(Bloomberg) -- An upcoming vote for leadership of a little-known United Nations agency that develops global standards for mobile phones, internet connectivity and satellite technology could impact the future of the internet.

That’s because the choice for the next secretary-general of the International Telecommunication Union boils down to candidates from the US and Russia, two nations with starkly different visions of the internet. The vote is being held Thursday by secret ballot in Bucharest, Romania.

The agency has taken on a more high-profile role during nearly eight years of Chinese leadership, amid the rising specter of a “splinternet” –- a global division between a free-flowing internet in the West and a more restricted one in authoritarian nations. 

Nonprofit groups based in the US now determine much of how the internet runs. US experts fear that authoritarian governments such as China and Russia could use the ITU as a method to push for more government control over the internet, a scenario that some fear would be more likely if Russia takes control of the body. Rising state control and censorship of the internet could hasten the splinternet’s arrival, and Russian leadership at the ITU might more immediately favor Russian and Chinese companies, US experts said.

“If the American candidate wins, that’s good news for a global and open internet,” said Justin Sherman, a fellow at the Atlantic Council’s Cyber Statecraft Initiative. 

“But if the Russian candidate wins, that means Russia had enough votes to overcome the open-internet bloc--and it means Moscow will begin pushing through, with Beijing’s help, a bunch of ITU proposals that try to increase state control of the internet around the world,” he said. 

Moscow and Beijing have long wanted to change the global internet governance structure to give the ITU--and its member governments, rather than bodies comprising industry and citizen-activists--a greater role over the internet, Sherman said.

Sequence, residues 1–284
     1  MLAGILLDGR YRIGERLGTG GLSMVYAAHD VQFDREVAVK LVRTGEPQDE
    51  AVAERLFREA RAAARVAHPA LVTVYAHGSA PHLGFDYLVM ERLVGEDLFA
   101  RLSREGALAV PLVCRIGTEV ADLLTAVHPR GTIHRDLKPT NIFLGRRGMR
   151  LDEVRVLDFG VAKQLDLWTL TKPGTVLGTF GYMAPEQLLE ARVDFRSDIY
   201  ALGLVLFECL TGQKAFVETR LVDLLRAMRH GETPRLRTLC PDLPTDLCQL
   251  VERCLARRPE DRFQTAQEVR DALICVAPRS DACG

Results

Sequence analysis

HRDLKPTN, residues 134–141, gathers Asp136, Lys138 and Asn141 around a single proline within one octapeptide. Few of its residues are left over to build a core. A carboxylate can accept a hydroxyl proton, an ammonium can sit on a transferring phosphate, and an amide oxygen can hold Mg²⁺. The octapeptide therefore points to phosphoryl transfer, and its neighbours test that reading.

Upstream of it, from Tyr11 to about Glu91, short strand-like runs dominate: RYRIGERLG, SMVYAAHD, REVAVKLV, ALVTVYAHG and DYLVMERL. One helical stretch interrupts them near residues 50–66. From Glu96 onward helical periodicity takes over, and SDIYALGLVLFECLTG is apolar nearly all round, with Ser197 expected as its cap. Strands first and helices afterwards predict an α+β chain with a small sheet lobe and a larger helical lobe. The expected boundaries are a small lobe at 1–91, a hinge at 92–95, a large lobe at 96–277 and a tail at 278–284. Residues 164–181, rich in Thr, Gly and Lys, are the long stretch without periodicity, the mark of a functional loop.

The Biden administration has recently ramped up efforts to secure a US victory, with President Joe Biden issuing a statement last week in support of the US candidate, Doreen Bogdan-Martin, a qualified amateur radio operator who’s worked with the ITU for 28 years. The US campaign is stressing her individual expertise rather than focusing on the geopolitical showdown between Washington and Moscow that has been heightened by Russia’s invasion of Ukraine.

Bogdan-Martin also wants the ITU to focus on engaging businesses, civil society, academia and experts in its discussions on radiofrequency spectrum, standards development in equipment and network technologies and advancing broadband infrastructure.

Russia’s candidate, Rashid Ismailov, a telecommunications veteran at Ericsson Inc. and Nokia who was also the first non-Chinese vice president at Huawei Technologies Co Ltd. and a deputy minister in Russia, has urged a stronger role for the ITU on topics ranging from taxes and regulation to artificial intelligence. He argues the body should establish “unified international rules regulating the use of drones” regarding both technical regulations and ethical codes.

Both candidates emphasized the need to connect the remaining 2.7 billion people globally, most in the developing world, who aren’t online. The voting intentions of some countries of the Global South, including India and some African countries, “are very much up in the air,” according to Sherman. In April, developing countries such as India, Brazil, Indonesia, Mexico, Nigeria, Pakistan and South Africa failed to sign on to a non-binding US declaration in favor of a free and open internet, despite reports of Russia’s internet crackdown as part of its war in Ukraine

The candidates are vying to succeed China’s Houlin Zhao, who won the leadership unopposed in both 2014 and 2018.

Under Houlin’s leadership, China increased its influence over ITU study groups that make standards recommendations, in addition to increasing the number of Chinese staff at the UN agency, according to a March report from the Heritage Foundation, a conservative US think tank. The ITU became a “critical component of China’s effort to dominate standard setting” in order to favor Chinese companies, especially Huawei, according to the report.

Two US-based groups essentially dominate how the internet is run at the moment, rather than the ITU. The Internet Corporation for Assigned Names and Numbers, a non-profit organization, allocates domain names and IP addresses with the aim of securing a “borderless” internet for all. The Internet Engineering Task Force, whose membership is open to all individuals, develops open standards by “rough consensus” and specifies internet protocols that underpin email and routing among others.


(Updated to include context on possible ITU positions in the future in ninth paragraph. A previous version incorrectly spelled Houlin Zhao’s name.)

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